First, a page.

- Full name Emilio Jose Bonifácio
- Born 04/23/1985 in Santo Domingo Centro, Dominican Republic
- Profile Ht.: 5'10" / Wt.: 200 / Bats: S / Throws: R
- School Loyola
- Debut 09/02/2007
Organization Prospect Rankings
After four so-so pro seasons, Bonifacio moved into the fast lane by batting .321 with 61 steals in high Class A in 2006. He followed up with a good year in Double-A and made his major league debut in September. Bonifacio's speed rates as either a 70 or 80 on the 20-80 scouting scale, and he plays with energy and passion. He continues to refine his basestealing, picking pitches and counts and getting good breaks, and he has no fear of getting thrown out (though he did get caught 13 times in 54 Double-A attempts). He's an above-average defender at second base, with sure hands, great range and enough arm for shortstop. While Bonifacio draws comparisons to Luis Castillo, he doesn't have Castillo's approach at the plate. Bonifacio's swing isn't conducive to the small-ball game he needs to play, and he still doesn't have a good idea of the strike zone. He also hasn't shown the strength to drive the ball, which could be a problem against quality fastballs at higher levels. Bonifacio is the kind of player managers love to have in the lineup, but if he doesn't improve at the plate he could end up as a utility player. He'll open the season in Triple-A, with Orlando Hudson and Alberto Callaspo ahead of him in the organization's pecking order.
Even with the wealth of position-player prospects in the organization, one Diamondbacks official called Bonifacio the most exciting player of all in the organization. After repeating low Class A in 2005, Bonifacio has made significant progress as a hitter and is now on the fast track. Of course, he's always on the fast track because his speed rates an 80 on the 20- 80 scouting scale. When he makes like Luis Polonia from the left side and lays his bat on the ball as he's bolting from the box, Bonifacio has been timed at 3.6 seconds down the line to first. He has improved his basestealing approach, learning when to go and how to get good jumps rather than just trying to outrun the ball to second. He also has cut down on his swing and improved at working counts and fighting off tough pitches, though he still needs to understand the zone better and cut down on his strikeouts. He has good range and a solid arm on defense, but he needs to get more consistent and improve his footwork. Bonifacio brings so much energy to the park every day that the Diamondbacks are just trying to slow him down. If he continues to improve at the plate, he could be a prototype leadoff hitter. He'll get a good test by jumping to Double-A to start 2007.
Bonifacio reached low Class A as a 19-year-old in 2004, and Arizona felt a return there last year wouldn't put him behind schedule. The move paid off as he made improvements across the board. A small, speedy second baseman in the mold of Luis Castillo, Bonifacio never will hit for power but is a capable hitter who uses all fields. His most significant growth came in understanding his role as an igniter atop a lineup, as he more than doubled his walk total while also cutting down his strikeouts. Once on base, Bonifacio has plus-plus speed and knows how to use it, swiping 95 bases in 122 tries over the past two seasons. His quickness helps him defensively as well. He has good range but needs to improve his reads off the bat, and his footwork is sloppy, particularly around the bag. Bonifacio will spend his third straight year with Alberto Gonzales as his double-play partner, as they'll team up in high Class A this season.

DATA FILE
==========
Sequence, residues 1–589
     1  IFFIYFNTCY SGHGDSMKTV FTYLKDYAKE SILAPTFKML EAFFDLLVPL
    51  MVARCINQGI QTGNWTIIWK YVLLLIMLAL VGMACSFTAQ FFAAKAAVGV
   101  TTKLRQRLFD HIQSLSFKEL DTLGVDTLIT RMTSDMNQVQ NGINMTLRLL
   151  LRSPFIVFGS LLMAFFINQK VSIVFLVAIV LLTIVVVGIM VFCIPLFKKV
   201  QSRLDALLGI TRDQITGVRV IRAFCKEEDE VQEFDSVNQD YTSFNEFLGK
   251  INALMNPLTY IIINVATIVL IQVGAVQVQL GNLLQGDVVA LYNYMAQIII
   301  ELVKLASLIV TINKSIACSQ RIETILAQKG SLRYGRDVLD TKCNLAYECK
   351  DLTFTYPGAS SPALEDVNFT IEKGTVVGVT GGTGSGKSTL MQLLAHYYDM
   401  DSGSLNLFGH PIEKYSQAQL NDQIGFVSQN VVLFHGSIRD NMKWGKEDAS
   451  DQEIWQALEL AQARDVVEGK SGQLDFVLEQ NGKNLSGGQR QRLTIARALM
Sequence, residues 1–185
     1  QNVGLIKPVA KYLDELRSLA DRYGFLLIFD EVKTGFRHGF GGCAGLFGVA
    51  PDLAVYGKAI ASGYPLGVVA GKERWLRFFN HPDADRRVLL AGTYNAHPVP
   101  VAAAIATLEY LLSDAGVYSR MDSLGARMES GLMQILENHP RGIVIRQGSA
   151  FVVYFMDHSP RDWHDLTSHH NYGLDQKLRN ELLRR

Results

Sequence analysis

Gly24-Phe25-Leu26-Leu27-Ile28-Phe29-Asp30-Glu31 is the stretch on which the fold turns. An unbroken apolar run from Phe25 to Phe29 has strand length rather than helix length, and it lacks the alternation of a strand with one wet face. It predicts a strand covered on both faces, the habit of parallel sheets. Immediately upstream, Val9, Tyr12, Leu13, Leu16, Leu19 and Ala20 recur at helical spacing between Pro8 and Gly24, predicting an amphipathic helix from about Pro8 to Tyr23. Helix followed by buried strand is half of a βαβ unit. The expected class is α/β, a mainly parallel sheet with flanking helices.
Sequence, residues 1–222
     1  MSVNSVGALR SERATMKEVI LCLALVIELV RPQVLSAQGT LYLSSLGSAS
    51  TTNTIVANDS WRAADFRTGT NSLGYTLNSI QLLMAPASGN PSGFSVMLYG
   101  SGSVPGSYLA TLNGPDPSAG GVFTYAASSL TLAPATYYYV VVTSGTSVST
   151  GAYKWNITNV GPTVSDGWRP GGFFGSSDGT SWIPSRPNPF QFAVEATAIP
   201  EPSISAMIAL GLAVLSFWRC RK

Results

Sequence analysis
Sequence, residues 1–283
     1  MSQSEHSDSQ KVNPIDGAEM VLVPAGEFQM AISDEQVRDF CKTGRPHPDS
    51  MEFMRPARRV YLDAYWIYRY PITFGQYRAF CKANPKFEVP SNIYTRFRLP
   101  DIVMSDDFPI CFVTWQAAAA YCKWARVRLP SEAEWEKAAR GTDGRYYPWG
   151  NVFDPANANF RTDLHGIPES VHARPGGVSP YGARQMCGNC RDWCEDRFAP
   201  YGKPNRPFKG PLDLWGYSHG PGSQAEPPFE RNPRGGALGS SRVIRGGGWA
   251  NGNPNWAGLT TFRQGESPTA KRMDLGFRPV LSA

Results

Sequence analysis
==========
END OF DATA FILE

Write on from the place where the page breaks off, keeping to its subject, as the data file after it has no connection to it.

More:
Minor League Top Prospects
After spending the previous two years at low Class A South Bend, Bonifacio continued to improve significantly as he moved up to Lancaster, leading the league with 61 stolen bases (in 75 attempts) and finishing second with 117 runs. He draws comparisons to Twins second baseman Luis Castillo for his game and his body, and though his slugging percentage rose 119 points from a year ago, Bonifacio knows his game is keeping the ball on the ground and using his plus-plus speed. "Whenever he pops a ball up, you can see his body language--he knows that's not him," an American League scout said. "He's a switch-hitter, a slap contact guy, he knows his game and looks very teachable and receptive. There's no doubt in my mind he'll play in the big leagues. He's got all the tools you look for in an All-Star second baseman. He may be the most exciting player I've seen in a while." Bonifacio has been clocked between 3.4 and 3.6 seconds up the line from the left side on a bunt, giving him a chance for a hit on any grounder to the left side. He's always hustling and putting pressure on the defense, and his instincts on the basepaths are outstanding. Bonifacio has the tools to be a plus defender at second base, with soft hands, good quickness and improving range. He still plays out of control at times and tends to rush his throws, but his arm strength is adequate and his exchange is very smooth.
Best Tools List
- Rated Best Defensive 2B in the Pacific Coast League in 2008
- Rated Fastest Baserunner in the Pacific Coast League in 2008
- Rated Best Defensive Infielder in the Arizona Diamondbacks in 2008
- Rated Fastest Baserunner in the Arizona Diamondbacks in 2008
- Rated Best Defensive 2B in the Southern League in 2007
- Rated Fastest Baserunner in the Southern League in 2007
- Rated Best Defensive Infielder in the Arizona Diamondbacks in 2007
- Rated Fastest Baserunner in the Arizona Diamondbacks in 2007
- Rated Best Baserunner in the California League in 2006